Celsius Network and its debtors intend to turn the defunct lender into a Bitcoin miner as part of its restructuring, according to a Nov. 20 press release.
Celsius customers will own the new entity, tentatively stated as ‘Mining NewCo.’
Celsius had proposed the formation of Fahrenheit NewCo as part of its restructuring and recovery plan, which the court approved on Nov. 9.
However, after receiving regulatory feedback on the plan from the SEC and conducting consultations with the Official Committee of Unsecured Creditors, the company and its debtors have decided to alter the initial plan, which would have entailed various regulatory complications.
The pivot is expected to see Celsius retain some assets designated initially for transfer to Fahrenheit NewCo, which the firm’s estates will now manage for creditors’ benefit.
The decision to concentrate solely on Bitcoin mining indicates a shift from earlier plans involving cryptocurrency staking. Celsius’ move towards mining reflects a growing trend in the crypto industry toward more traditional business practices compliant with the current regulations.
Celsius outlined plans to apply for registration of shares in the new publicly traded Bitcoin mining company. The move is a strategic step towards creating a more sustainable and transparent business model post-bankruptcy.
Mining NewCo is expected to commence operations with lower management fees and increased liquid cryptocurrency distributions, potentially providing greater returns to creditors.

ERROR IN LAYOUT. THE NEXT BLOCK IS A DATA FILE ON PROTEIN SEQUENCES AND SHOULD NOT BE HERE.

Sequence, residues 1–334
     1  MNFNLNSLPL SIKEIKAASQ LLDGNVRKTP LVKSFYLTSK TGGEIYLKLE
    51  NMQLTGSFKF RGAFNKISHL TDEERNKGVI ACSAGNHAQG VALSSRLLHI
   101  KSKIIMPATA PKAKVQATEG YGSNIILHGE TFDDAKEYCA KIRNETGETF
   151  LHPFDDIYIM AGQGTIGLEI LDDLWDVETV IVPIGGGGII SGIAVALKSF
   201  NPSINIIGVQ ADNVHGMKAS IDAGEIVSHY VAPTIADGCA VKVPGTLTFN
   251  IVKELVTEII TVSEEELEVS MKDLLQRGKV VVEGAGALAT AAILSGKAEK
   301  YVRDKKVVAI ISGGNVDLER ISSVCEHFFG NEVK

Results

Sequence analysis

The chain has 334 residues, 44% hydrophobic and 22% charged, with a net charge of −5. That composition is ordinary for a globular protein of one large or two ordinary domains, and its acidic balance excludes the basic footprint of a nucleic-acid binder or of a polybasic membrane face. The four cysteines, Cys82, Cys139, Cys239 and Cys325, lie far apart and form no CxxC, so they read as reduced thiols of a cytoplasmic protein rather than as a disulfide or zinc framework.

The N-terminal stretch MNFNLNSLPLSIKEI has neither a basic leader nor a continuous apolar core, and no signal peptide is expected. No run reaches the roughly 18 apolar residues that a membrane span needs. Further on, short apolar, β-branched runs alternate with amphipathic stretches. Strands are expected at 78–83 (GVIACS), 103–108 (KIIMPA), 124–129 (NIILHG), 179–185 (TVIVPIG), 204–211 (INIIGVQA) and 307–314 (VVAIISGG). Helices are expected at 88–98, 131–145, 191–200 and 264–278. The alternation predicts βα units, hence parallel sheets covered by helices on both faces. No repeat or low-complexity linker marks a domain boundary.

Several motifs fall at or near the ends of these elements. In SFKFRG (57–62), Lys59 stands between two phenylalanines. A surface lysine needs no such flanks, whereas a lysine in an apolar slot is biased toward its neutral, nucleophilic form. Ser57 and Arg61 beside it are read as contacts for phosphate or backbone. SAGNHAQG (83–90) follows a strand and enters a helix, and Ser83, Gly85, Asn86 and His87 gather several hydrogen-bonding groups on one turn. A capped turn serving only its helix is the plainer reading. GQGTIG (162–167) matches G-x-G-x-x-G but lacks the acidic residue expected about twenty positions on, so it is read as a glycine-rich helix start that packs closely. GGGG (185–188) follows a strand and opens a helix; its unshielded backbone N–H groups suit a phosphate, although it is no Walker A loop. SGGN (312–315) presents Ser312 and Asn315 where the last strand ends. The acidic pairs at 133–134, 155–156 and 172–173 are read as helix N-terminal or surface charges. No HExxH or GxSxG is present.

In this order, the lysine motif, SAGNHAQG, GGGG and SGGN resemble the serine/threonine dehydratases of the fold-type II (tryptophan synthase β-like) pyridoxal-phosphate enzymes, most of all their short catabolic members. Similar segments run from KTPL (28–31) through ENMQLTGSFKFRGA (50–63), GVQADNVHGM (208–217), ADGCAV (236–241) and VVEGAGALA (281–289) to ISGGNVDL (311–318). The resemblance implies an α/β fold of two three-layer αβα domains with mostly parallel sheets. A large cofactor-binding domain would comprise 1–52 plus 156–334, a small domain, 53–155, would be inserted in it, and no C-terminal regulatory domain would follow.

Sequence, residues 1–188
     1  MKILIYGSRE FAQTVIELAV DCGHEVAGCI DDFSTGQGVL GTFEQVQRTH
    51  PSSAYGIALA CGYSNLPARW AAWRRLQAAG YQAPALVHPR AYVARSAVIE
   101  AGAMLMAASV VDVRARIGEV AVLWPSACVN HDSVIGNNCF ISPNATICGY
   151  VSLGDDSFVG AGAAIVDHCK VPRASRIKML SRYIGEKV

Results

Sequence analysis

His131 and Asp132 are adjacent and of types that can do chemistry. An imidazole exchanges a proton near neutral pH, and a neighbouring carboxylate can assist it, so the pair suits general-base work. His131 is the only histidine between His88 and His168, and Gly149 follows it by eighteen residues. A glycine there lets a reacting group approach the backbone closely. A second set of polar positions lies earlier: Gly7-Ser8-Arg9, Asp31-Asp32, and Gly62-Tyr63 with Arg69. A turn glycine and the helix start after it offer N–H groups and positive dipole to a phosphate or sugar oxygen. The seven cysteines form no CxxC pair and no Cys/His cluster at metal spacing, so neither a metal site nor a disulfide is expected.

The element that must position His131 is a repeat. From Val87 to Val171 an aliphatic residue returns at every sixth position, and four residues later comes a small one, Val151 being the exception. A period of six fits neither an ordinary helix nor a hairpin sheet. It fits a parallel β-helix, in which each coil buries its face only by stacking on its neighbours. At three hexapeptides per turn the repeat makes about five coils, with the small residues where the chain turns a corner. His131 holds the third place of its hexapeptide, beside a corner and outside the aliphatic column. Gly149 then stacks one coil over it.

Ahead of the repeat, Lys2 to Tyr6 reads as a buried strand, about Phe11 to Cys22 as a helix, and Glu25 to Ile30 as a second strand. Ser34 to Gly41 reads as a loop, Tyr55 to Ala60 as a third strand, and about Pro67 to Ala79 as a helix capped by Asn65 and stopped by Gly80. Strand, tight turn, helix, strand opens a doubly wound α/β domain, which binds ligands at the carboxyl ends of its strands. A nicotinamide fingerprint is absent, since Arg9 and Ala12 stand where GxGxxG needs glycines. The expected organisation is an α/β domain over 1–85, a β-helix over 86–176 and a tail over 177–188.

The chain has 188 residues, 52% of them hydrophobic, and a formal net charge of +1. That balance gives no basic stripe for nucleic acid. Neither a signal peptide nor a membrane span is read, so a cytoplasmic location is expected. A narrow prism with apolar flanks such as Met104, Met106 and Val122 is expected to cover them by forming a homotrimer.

This development signifies a critical juncture for Celsius as it navigates its way out of bankruptcy. With a new focus on Bitcoin mining, the company aims to realign its business objectives while adhering to regulatory requirements.
Celsius filed for Chapter 11 bankruptcy protection in July 2022 amidst a pause in withdrawals on its platform.
Compounding the firm’s challenges, the SEC filed a lawsuit against Celsius and its former CEO, Alex Mashinsky, over allegations related to the firm’s Earn Interest Program. Mashinsky was arrested on securities fraud, commodities fraud, and wire fraud charges and is currently out on bail. His trial is slated to begin in September 2024.
The lender collapsed due to complications arising from former Mashinsky’s trading decisions, mismanagement of $2 billion in assets, and inadequate systems for tracking these assets.
At the time, Mashinsky had attributed the collapse to the rapid growth of Celsius’ assets, which he claimed outpaced the company’s ability to make prudent investment decisions, resulting in some poorly judged asset deployments.
The cryptocurrency community and investors will closely monitor Celsius’ progress as it embarks on this new chapter, hoping for a successful turnaround and increased stability in the volatile crypto market.